Search Images Maps Play YouTube News Gmail Drive More »
Sign in
Screen reader users: click this link for accessible mode. Accessible mode has the same essential features but works better with your reader.

Patents

  1. Advanced Patent Search
Publication numberUS4043266 A
Publication typeGrant
Application numberUS 05/660,178
Publication dateAug 23, 1977
Filing dateFeb 23, 1976
Priority dateFeb 26, 1975
Also published asDE2508270A1, DE2508270B2
Publication number05660178, 660178, US 4043266 A, US 4043266A, US-A-4043266, US4043266 A, US4043266A
InventorsManfred Held
Original AssigneeMesserschmitt-Bolkow-Blohm Gmbh
Export CitationBiBTeX, EndNote, RefMan
External Links: USPTO, USPTO Assignment, Espacenet
Hollow charge construction and method of forming a hollow charge lining
US 4043266 A
Abstract
A lining for a hollow charge is formed by making impressions into a plate to form a multiplicity of impressions in longitudinally extending and transversely extending rows. The impressions of at least some of the rows are made into geometrical form, such as, hexagons or rectangles, with geometrical impressions or forms therein having center axes which are offset in adjacent rows. In one embodiment, the center axes of the geometrical forms of some rows are located along an imaginary projection line and those of other rows are arranged along an imaginary projection line which is at an angle to the first line, preferably, the separate lines being arranged on each side of a radial line and defining an angle with the radial line which has a ratio with the radial sector between adjacent radial lines between the two imaginary lines which is in the ratio of 1 : 2. The impressions may be rectangular in nature and the centers of alternate rows aligned along a radial line which makes an angle with an imaginary line containing the centers of the other rows. The overall configuration of the impressions may be rectangular, hexagonal, etc.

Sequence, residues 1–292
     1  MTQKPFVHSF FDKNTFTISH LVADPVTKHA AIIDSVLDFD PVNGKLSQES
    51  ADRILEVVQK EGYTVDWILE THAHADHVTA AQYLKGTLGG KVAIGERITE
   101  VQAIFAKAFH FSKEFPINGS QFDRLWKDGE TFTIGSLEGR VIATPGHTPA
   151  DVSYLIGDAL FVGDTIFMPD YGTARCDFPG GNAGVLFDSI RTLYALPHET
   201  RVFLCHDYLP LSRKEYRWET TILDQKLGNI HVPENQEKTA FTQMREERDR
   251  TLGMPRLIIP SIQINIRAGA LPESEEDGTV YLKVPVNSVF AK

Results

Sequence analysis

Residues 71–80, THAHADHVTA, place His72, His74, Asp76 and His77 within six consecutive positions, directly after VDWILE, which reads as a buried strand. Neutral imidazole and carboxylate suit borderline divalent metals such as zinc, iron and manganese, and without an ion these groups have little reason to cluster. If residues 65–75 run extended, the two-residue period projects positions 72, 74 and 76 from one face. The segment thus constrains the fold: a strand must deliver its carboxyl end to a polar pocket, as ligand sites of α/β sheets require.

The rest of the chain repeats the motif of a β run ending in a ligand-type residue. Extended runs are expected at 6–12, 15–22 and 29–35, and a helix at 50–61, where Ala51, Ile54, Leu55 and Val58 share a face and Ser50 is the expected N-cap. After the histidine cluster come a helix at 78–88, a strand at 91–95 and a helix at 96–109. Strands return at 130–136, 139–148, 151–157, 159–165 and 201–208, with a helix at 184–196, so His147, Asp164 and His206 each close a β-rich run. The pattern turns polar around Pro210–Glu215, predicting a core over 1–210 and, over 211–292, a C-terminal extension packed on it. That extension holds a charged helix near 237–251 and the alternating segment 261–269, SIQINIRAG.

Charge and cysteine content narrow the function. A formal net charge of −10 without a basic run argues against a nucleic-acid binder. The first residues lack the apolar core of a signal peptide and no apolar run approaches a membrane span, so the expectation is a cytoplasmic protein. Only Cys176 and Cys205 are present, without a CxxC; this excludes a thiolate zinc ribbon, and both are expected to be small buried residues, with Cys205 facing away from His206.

Images(3)
Previous page
Next page
Claims(13)
What is claimed is:
1. A method of forming a hollow charge lining for a hollow charge, comprising forming into a plate a multiplicity of multi-sided closed-form geometric impressions extending inwardly into said plate from all of the sides of each impression to an innermost geometrical axis point and arranged in longitudinally extending and transversely extending rows, and wherein the impressions of at least some of said rows are formed with geometrical axis points which are offset from the axis points of the other of said rows.
2. A method according to claim 1, wherein each of the impressions are of hexagonal form and include a geometrical impression within the hexagonal form forming the axis points which are offset from some rows in respect to other rows, the axis points of some of said rows being arranged along an imaginary first projection line in a plane normal to the longitudinal axis points of the hollow charge and the axes of others of said charges being arranged along a second imaginary projection line disposed at an angle to said imaginary projection line, each of said first and second projection lines making an angle with a radial line intersecting said imaginary line and wherein adjacent pairs of rows have radial lines therebetween defining a sector angle which is substantially double the angle between said imaginary line and the associated radial line.
3. A method according to claim 1, wherein the individual impressions comprise rectangular liners impressed into said plate and with the axis points of said impressions being offset in alternate rows, the axis points of some of said rows being along a radial line in an imaginary projection at right angles to the axis of said charge and the axis of the other of said rows being along an imaginary line disposed at an angle to said radial line.
4. A method according to claim 1, wherein the impressions are formed in the form of a honeycomb pattern with individual hexagonal liner portions impressed inwardly to said axis points.
5. A hollow charge lining comprising a plate having an exterior wall formed with a multiplicity of inwardly pressed formations thereon arranged in longitudinally and circumferentially extending rows, each impression defining a hollow charge liner portion comprising an indentation of a definite geometric multisided closed form having a surrounding base and extending inwardly of said plate from all of the sides of the base to an innermost point defining an axis point, the axes points of some of the indentations in a longitudinal row being offset from those of other indentations in a longitudinal row.